A cataract is a condition which causes clouding of lens in the eye resulting in blurry vision. The lens is situated behind the iris, the dark portion of the eye, and is not visible. When a cataract occurs, the lens becomes cloudy and is seen as a white cloudy ball in the centre of the iris. The lens is made up of mostly water and proteins. These specific proteins provide its transparent structure. Any structural change in these proteins can alter the clarity of the lens and negatively impact vision.
There are three types of cataracts classified according to their location in the eye.
- Nuclear cataract is when the cloudiness is present in the centre of the lens.
- With cortical cataract, the cloudiness is seen in the outer peripheral region or cortical region of the lens.
- Subcapsular cataract occurs at the back of the lens capsule or subcapsular region. This type develops quicker and can appear more suddenly than the nuclear and cortical cataract.
Cataracts are also classified according to the cause, either as age related cataract, congenital cataract, secondary cataract or traumatic cataract.
A cataract can occur due to many reasons.
- Age: As people age, changes can occur in the structure of the lens protein leading to cataract.
- Congenital: Cataract can occur in newborns as inherited disorder, as an isolated lens development defect, or can develop as part of intrauterine infection during pregnancy.
- Secondary causes: Cataract can form as a complication of other diseases such as glaucoma and diabetes. Prolonged use of corticosteroid inhalers, steroid tablets and eye drops increases the risk of cataract.
- Trauma: Certain injuries may result in formation of a cataract. Cataract may also develop years after the injury.
Other causes include excessive exposure of the eyes to UV rays, X-rays and other radiation during radiotherapy.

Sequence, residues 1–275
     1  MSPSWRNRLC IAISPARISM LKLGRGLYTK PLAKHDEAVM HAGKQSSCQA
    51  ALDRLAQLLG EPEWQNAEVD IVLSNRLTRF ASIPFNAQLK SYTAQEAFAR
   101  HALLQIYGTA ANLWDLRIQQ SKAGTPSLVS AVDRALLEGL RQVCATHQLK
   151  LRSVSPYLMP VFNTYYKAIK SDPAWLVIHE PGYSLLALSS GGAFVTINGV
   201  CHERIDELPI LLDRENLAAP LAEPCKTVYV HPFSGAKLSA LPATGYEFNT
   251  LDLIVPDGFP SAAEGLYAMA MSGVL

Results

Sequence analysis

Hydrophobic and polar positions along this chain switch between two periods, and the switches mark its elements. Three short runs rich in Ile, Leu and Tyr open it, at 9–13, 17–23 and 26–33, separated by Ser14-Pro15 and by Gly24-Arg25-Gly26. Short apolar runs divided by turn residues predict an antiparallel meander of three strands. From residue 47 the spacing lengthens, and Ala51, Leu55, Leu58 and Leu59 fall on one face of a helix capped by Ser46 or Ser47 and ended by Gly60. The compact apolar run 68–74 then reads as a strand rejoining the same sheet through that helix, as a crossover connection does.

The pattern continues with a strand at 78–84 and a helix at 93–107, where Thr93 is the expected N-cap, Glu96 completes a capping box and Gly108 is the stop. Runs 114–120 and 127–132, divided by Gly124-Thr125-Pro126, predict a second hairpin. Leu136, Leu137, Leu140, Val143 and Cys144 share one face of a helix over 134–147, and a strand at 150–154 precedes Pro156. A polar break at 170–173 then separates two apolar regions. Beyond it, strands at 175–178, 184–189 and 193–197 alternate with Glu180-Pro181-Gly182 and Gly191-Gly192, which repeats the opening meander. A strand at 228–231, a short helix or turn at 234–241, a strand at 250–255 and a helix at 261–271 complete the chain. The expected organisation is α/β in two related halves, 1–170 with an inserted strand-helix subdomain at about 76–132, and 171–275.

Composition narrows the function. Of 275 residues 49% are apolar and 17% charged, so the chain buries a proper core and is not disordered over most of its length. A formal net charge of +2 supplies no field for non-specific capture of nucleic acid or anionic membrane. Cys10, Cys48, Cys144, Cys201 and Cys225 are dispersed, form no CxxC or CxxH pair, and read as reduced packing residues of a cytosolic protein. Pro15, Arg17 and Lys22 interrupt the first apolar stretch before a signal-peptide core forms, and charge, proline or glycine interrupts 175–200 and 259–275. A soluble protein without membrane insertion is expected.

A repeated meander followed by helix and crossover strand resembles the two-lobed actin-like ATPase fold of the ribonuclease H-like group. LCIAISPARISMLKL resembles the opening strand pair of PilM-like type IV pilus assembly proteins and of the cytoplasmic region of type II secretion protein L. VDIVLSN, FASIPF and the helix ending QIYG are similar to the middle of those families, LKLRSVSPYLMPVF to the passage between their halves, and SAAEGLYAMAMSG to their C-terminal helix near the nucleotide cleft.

Cataracts usually develop very slowly and are not associated with any pain or redness of the eye. Your vision gradually becomes blurred as if you are looking through the dirty lens of a camera. Some patients may see a halo around bright lights. Others find the glare from the sun and head lights of approaching cars at night annoying. Some patients present with double vision in one of the eyes and the colours appear dull or muted. In others, frequent prescription changes for glasses or contact lens may become necessary.
To assess the impact of cataract on your vision your doctor will perform a Visual Acuity Test where the patient reads an eye chart from particular distance with one eye at a time. The doctor then examines the cornea, iris, and lens individually using an intense ray of light from a slit lamp to detect any abnormalities. For the retinal exam, eye drops are added to dilate the eye and the retina is examined for any abnormalities using an ophthalmoscope.
Surgery is the only treatment for cataract and is recommended based on the severity of the disease and the impact on the daily activities of the patient. The patient usually makes the decision to have surgery when the symptoms negatively impact their lifestyle.
Surgery is performed on one eye at a time with a few weeks gap usually in between the two operations. Cataract surgery is done on an outpatient basis where the patient can go home the same day. The eye and area around the eye is numbed using local anaesthesia. The cloudy lens is removed and replaced with a clear plastic lens in the same lens capsule as the natural lens.
There are various options as to which lens is used for your surgery including standard monofocal lenses, toric lenses as well as multifocal lenses. The doctors at The Centre for Eyes will help guide your decision and suggest the best option for your particular circumstance.
Following surgery your doctor will prescribe eye drops to prevent infection and inflammation. A follow up visit is scheduled to monitor healing and to check for any complications from surgery.